McGill University students crying foul over school’s food prices

Click to play video: 'McGill University students crying foul over school’s food prices'
McGill University students crying foul over school’s food prices
WATCH: Some students at McGill University are outraged over the high cost of food on campus. They argue inflated prices are forcing some to even skip meals and are calling on the institution to subsidize the cafeteria prices. Global's Phil Carpenter reports – Mar 7, 2023

Six-dollar sandwich wraps being sold at the student-run EUS General Store at McGill University‘s downtown Montreal campus are a godsend, say some students.

They say buying food through the school has become much too pricy.

“With the mandatory meal plan you can only afford one to two meals a day, not including snacks,” said second-year student Emily Hardie, a member of a coalition of students called Let’s Eat McGill.

They’ve made it their mission to bring food prices down at the school.

First, students who live on campus enroll in a declining balance meal plan.

According to McGill, the plan is mandatory because there are no facilities that allow students to cook their own meals.

Story continues below advertisement

That plan has gotten more expensive, say the students.

“Including administrative fees, it’s over $6,000,” explained Lola Milder, another second-year student who’s also part of Let’s Eat McGill, “and that’s just for an eight-month academic year.”

The price of food sold at school-run canteens has also jumped and, according to the students, their buying power has been considerably reduced.

“A slice of pizza is $11, salads are almost $18,” Hardie noted.

Global News saw chicken wraps being sold for $11 and cheeseburgers for $9.99.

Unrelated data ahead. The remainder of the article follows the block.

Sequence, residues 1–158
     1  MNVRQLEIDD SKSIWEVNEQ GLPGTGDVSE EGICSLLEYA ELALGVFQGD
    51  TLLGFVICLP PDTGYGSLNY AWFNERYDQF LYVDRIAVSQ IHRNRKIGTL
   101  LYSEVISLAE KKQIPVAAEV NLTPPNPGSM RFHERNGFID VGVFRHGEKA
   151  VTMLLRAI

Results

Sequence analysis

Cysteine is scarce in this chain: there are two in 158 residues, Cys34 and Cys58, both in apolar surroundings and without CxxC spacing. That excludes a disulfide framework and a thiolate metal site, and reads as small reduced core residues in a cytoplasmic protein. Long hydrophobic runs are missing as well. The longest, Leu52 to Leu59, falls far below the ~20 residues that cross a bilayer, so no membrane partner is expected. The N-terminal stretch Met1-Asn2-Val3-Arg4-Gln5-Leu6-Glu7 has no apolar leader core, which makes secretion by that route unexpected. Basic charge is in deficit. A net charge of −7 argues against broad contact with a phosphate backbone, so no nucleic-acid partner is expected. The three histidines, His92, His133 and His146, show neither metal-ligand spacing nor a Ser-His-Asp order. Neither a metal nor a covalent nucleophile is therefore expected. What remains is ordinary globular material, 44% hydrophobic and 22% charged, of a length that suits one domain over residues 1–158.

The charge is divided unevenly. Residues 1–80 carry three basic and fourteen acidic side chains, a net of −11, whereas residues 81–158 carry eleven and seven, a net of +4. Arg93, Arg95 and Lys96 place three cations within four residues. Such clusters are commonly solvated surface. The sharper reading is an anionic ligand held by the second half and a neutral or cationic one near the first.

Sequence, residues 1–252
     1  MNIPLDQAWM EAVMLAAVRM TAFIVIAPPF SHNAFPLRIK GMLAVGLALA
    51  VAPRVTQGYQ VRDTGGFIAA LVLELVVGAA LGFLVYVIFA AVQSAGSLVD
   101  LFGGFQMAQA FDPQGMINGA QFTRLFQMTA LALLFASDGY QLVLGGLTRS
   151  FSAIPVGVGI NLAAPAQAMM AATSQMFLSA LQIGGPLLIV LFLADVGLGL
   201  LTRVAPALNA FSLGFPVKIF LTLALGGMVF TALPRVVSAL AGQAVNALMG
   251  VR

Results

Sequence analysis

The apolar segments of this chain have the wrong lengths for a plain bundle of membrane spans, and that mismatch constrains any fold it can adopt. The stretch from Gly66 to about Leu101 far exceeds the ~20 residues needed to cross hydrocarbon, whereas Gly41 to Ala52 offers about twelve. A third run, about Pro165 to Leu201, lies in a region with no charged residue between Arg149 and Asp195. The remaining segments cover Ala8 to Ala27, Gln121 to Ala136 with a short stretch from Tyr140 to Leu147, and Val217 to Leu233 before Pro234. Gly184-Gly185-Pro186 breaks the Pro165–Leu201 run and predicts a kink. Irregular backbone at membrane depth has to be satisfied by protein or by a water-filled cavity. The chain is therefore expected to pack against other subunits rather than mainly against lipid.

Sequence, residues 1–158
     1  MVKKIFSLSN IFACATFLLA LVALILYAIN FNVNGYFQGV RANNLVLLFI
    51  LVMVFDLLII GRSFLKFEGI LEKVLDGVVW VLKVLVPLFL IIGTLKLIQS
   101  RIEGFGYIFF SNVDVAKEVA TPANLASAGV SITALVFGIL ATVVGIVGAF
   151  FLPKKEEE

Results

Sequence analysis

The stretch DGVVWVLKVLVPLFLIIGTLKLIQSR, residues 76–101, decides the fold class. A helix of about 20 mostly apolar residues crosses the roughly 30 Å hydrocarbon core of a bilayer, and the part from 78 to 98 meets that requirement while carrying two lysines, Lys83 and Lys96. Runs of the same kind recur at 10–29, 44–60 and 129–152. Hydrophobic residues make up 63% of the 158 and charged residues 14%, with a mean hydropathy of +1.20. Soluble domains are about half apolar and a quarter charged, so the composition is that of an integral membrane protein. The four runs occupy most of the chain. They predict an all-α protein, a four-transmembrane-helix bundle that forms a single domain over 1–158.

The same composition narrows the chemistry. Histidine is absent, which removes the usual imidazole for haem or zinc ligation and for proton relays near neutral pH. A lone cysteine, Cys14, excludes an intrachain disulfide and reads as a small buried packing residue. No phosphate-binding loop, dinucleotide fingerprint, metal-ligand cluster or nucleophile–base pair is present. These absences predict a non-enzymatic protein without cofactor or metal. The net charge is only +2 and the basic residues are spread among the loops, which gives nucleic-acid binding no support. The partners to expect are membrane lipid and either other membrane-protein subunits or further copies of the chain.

The result of the price increases, say students, is that they often don’t eat, and some have become increasingly dependent on student-run initiatives like free lunches.

Others turn to shops like the EUS General Store where food is cheaper.

“Yeah, I’ve seen significantly more customers coming through this year than last year,” store manager and fifth-year student Dina Shoham observed.

McGill isn’t the only school where students say they can’t access food.

According to Meal Exchange, which studies the issue, more than 50 per cent of students at 13 Canadian universities faced food insecurity in fall 2021.

Story continues below advertisement

McGill wasn’t part of that survey.

In a statement Tuesday, McGill blamed the high costs at that institution on inflation.

The statement reads in part, “after an extensive review and in response to feedback from students, SHHS will be transitioning away from the current mandatory declining balance meal plan and will be implementing an All You Care To Eat (AYCTE) meal plan model in the residential dining halls starting in the Fall 2023.”

The coalition of student groups plan to keep pushing the institution for more support and plan to hold an assembly on campus Tuesday evening to speak to students about the issue.

Sponsored content